I have to admit to being sceptical about “Sober October” or “Dry January.” Not because I don’t see the benefits of quitting alcohol but because those who do it seem to celebrate their month-long sobriety by going out on the 1st of the following month and getting absolutely hammered.
However I might have to admit I was wrong because a new study claims that kicking booze for just one month could prevent serious illness later in life. Researchers from University College London tested participants after a month away from alcohol and found an improvement in their liver function, blood pressure and cholesterol levels. They were also deemed to be at lower risk of developing diabetes and liver disease.
Those who took part in the month of abstinence reported weight loss, improved concentration and a better quality of sleep.
“If you took a drug that reduced blood pressure and improved cholesterol and insulin resistance it would be a blockbuster drug that would be worth billions,” said Professor Kevin Moore, who co-authored the study.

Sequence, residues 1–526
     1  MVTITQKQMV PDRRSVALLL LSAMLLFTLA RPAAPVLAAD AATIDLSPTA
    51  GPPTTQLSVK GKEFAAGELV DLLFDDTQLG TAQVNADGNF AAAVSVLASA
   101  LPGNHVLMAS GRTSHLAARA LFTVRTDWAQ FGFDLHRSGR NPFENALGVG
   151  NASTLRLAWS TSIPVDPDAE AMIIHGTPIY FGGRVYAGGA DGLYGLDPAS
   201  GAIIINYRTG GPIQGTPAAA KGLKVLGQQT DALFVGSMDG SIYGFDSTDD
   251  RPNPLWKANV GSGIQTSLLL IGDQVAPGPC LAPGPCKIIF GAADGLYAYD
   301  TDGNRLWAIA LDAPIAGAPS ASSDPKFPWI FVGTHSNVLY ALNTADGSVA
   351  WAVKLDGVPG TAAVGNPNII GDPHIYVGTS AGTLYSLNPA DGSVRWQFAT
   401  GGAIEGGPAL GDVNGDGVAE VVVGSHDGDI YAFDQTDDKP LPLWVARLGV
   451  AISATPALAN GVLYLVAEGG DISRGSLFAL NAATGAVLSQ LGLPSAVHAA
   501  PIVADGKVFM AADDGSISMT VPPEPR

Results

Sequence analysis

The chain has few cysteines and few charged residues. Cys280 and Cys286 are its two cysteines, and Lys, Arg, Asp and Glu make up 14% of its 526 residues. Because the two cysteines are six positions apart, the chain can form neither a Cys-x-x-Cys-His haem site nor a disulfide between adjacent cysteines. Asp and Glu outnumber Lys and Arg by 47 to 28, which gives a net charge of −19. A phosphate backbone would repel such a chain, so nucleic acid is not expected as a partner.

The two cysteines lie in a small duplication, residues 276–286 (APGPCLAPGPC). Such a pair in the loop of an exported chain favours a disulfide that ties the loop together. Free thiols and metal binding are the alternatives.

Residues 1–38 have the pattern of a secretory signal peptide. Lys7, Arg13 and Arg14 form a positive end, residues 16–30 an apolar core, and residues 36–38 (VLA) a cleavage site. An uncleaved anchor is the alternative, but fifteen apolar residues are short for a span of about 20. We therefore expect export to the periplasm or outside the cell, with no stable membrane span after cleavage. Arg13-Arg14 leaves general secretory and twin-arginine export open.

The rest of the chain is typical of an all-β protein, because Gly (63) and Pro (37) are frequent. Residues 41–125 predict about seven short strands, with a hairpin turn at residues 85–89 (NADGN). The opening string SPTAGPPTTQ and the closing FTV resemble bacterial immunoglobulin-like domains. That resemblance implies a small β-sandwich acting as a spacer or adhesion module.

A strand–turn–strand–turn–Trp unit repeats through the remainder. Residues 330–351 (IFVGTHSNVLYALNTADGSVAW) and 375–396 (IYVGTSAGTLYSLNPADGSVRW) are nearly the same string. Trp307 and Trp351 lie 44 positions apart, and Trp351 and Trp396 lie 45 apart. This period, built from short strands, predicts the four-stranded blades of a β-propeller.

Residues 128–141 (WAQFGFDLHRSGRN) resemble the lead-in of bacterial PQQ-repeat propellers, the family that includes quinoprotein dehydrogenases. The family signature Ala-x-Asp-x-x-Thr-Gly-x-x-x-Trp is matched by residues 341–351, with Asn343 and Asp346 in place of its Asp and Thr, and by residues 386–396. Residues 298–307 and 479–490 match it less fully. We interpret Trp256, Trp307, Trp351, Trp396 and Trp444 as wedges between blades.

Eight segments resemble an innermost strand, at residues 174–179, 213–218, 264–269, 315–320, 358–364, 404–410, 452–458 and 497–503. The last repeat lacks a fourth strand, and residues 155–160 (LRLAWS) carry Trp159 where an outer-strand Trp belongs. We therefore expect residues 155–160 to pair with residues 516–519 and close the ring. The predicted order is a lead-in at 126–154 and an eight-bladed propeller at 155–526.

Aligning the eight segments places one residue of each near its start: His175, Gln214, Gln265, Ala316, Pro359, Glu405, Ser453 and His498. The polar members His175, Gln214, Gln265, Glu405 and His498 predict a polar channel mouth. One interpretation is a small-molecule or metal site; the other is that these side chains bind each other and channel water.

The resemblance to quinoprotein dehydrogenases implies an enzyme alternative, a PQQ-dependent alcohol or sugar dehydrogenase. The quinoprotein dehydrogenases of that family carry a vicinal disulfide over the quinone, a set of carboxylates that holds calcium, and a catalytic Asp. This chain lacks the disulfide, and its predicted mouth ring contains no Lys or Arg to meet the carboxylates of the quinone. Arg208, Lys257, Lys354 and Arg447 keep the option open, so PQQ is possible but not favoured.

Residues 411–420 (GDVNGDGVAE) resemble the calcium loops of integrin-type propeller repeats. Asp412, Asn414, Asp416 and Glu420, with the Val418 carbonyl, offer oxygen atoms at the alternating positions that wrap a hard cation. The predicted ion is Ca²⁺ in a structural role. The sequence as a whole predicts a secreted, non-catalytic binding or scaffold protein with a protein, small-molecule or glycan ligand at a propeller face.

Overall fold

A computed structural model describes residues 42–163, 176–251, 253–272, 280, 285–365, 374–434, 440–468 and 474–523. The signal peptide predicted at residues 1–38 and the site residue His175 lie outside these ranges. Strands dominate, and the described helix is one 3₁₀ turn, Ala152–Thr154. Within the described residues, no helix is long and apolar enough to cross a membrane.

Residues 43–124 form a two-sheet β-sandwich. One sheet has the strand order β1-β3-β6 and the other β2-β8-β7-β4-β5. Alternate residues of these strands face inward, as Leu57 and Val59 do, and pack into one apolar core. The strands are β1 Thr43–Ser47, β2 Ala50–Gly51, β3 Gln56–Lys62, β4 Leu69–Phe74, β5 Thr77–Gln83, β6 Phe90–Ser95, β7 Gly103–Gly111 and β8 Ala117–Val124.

Each of the participants — 102 “relatively healthy” men and women in their 40s — had been drinking more than the government recommended levels prior to the study. The men had been drinking an average of 31 units of alcohol per week, while the women consumed an average of 29 units.
“These subjects were probably average drinkers – they drank in excess of the guidelines. We studied them before and after the dry month,” said Professor Moore. “There was certainly substantial improvement in various parameters of the liver. The other parameters, blood pressure, cholesterol, how well the subjects slept, were also substantial.”
“I am excited. There are some findings that will be pretty novel,” liver specialist Gautam Mehta told the Daily Mail. “It’s an important study which shows the benefit from a month’s abstinence. What we can’t say is how long those benefits are, how durable those benefits are.”
The study hasn’t been published yet but the initial results are being examined by Department of Health officials to assist in the preparation of new guidelines on safe drinking.